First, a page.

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One Minnesota Columnist Makes the Global Local

A while back I spoke of Chris Waddle’s ideas for making the global local. Here is what Doug McGill from Rochester, Minnesota, is doing with his The McGill Report: Media for Global Citizens.

To get a flavor of what he does see his The Price of Tea in China and Minnesota below, but first read what he is up to:

The McGill Report is a journalistic experiment in global citizenship. I’m a journalist in Rochester, MN who is trying to practice my craft in a way that helps me and my fellow citizens understand our place in the wider world.

My journalistic aim is to write stories that illuminate the links between local and global communities…

A former reporter for The New York Times, and a London and Hong Kong bureau chief of Bloomberg News, I now teach journalism at the University of St. Thomas in St. Paul and write a column called “Global Rochester” for the Rochester Post-Bulletin in Rochester, Minnesota.

The Global Rochester columns are collected on the home page of The McGill Report. Many other reporters, editors, journalism teachers, and authors around the world are beginnning to practice and study this kind of journalism.

Here is an example of it:

The Price of Tea in China and Minnesota
By Doug McGill
The McGill Report

ROCHESTER, MN — It started modestly enough, with just a single line in a radio news report last week. The report said Minnesota soybean farmers are sweating out their second biggest worry after this summer’s killing frosts — namely, how much China is going to pay for the surviving crops.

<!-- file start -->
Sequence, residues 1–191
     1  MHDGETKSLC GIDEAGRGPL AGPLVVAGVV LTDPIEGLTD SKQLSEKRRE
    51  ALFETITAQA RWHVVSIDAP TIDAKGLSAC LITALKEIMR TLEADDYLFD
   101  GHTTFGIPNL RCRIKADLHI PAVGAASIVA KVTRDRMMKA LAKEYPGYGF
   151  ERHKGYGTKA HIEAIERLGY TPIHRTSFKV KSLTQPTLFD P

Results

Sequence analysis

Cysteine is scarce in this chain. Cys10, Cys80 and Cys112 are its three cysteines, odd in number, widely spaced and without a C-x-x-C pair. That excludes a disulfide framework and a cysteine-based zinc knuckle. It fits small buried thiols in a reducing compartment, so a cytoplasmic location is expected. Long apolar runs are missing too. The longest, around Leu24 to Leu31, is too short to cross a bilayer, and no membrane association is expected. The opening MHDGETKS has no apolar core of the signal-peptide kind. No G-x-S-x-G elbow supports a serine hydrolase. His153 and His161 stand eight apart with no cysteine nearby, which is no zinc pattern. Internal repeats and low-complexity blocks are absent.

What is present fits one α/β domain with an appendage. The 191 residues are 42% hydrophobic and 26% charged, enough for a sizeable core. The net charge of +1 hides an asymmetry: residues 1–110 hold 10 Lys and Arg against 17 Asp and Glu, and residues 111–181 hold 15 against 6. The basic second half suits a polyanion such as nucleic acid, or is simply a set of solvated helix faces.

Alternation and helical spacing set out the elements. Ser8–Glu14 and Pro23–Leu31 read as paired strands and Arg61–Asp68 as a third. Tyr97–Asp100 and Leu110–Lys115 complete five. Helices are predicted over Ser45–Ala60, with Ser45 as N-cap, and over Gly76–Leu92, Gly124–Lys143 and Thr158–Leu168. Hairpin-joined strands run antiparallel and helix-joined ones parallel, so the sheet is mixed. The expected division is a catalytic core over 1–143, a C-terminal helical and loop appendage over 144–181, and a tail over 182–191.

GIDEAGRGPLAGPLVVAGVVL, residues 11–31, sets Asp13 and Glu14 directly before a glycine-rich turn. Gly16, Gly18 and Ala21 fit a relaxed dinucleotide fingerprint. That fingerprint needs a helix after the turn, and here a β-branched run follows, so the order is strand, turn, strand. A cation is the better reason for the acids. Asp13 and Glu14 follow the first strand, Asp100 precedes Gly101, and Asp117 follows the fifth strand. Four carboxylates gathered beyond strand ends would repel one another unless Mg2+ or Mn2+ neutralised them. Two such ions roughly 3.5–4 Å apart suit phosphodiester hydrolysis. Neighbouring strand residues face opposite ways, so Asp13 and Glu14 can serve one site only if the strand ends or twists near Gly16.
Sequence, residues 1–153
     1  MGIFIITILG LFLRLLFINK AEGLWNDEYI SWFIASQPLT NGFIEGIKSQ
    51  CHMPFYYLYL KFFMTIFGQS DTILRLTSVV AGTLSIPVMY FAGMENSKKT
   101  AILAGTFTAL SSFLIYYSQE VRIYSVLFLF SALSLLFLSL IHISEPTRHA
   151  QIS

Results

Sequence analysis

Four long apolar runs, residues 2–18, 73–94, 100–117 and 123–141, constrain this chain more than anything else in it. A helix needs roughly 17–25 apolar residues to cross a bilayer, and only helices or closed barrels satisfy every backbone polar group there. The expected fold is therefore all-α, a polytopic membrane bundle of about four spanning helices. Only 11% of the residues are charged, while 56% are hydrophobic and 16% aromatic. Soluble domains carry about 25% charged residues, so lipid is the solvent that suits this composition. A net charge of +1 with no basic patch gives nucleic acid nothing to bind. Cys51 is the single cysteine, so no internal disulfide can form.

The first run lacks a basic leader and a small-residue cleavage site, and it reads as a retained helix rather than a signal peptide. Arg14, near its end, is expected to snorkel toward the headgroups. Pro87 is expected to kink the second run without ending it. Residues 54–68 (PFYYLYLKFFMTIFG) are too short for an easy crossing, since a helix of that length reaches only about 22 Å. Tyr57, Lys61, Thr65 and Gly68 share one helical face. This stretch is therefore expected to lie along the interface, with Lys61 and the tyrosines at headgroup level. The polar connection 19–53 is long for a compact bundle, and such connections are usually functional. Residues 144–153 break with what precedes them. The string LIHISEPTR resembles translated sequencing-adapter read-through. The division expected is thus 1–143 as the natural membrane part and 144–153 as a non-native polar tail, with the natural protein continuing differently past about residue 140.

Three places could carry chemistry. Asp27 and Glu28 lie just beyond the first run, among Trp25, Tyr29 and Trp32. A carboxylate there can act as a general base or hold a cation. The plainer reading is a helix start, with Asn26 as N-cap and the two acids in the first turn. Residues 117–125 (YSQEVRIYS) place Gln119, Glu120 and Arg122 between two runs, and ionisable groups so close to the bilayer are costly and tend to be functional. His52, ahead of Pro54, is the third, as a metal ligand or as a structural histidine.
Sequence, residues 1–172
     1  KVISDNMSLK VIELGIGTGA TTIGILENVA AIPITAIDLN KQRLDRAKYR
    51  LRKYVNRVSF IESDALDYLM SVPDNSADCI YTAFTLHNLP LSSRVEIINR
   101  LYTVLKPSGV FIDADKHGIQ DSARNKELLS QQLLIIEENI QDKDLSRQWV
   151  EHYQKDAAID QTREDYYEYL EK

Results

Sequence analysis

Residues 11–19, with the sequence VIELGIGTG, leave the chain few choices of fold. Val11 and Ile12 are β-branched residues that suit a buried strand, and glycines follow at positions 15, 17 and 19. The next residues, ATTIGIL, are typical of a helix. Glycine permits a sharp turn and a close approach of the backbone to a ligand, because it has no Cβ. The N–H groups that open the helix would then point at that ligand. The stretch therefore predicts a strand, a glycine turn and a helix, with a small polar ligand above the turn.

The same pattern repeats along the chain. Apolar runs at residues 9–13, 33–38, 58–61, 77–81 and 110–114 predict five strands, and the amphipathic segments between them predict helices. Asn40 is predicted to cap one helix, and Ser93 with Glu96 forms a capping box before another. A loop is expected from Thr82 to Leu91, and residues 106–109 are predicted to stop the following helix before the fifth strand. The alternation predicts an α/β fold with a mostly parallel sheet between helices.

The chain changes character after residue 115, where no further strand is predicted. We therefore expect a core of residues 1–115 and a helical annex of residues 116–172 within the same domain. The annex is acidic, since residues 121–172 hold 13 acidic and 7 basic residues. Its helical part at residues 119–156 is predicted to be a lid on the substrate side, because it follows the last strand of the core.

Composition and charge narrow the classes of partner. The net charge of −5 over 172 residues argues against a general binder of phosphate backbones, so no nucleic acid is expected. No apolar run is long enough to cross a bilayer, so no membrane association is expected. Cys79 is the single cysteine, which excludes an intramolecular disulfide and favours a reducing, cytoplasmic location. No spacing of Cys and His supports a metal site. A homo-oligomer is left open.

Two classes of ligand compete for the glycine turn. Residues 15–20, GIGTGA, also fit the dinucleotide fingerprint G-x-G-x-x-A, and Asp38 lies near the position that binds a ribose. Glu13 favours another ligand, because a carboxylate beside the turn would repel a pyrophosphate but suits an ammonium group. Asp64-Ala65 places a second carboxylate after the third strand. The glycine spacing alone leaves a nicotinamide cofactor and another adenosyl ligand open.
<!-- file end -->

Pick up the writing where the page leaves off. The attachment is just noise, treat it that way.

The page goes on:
I decided to look into this. What is the extent of Minnesota’s economic dependence on China these days? Every other item we buy at Wal-Mart nowadays is “Made in China” — including the painted-plaster Minnesota loons in the trinkets section. But what’s the China Effect in agriculture? In manufacturing? In professional services? Other areas?

I spent several hours absorbing some truly eye-popping statistics and then had to conclude that even if I listed all of them in this column, they wouldn’t tell the whole story. They wouldn’t convey the real depth of what we are getting into with China — not only what we as Minnesotans are facing, but we as Americans.

$15 Sneakers

Because the real story is the unleashing in China of an economic force so vast that the entire world is having to adjust to it, not just in this soybean season or in this decade, but for many decades to come. The world hasn’t seen anything like this since America’s own industrialization over the past century. The force is the transformation of China’s hundreds of millions of rural poor into a powerhouse of urban workers and consumers.

Consider that China’s work force of some 400 million is far larger than the entire U.S. population. About 300 million of these are rural workers, mostly farmers; and About 100 million are urban factory workers. The key point is the historic shift that is taking place as 200 million of the rural workers are migrating to China’s cities to enlist in the ranks of the urban work force.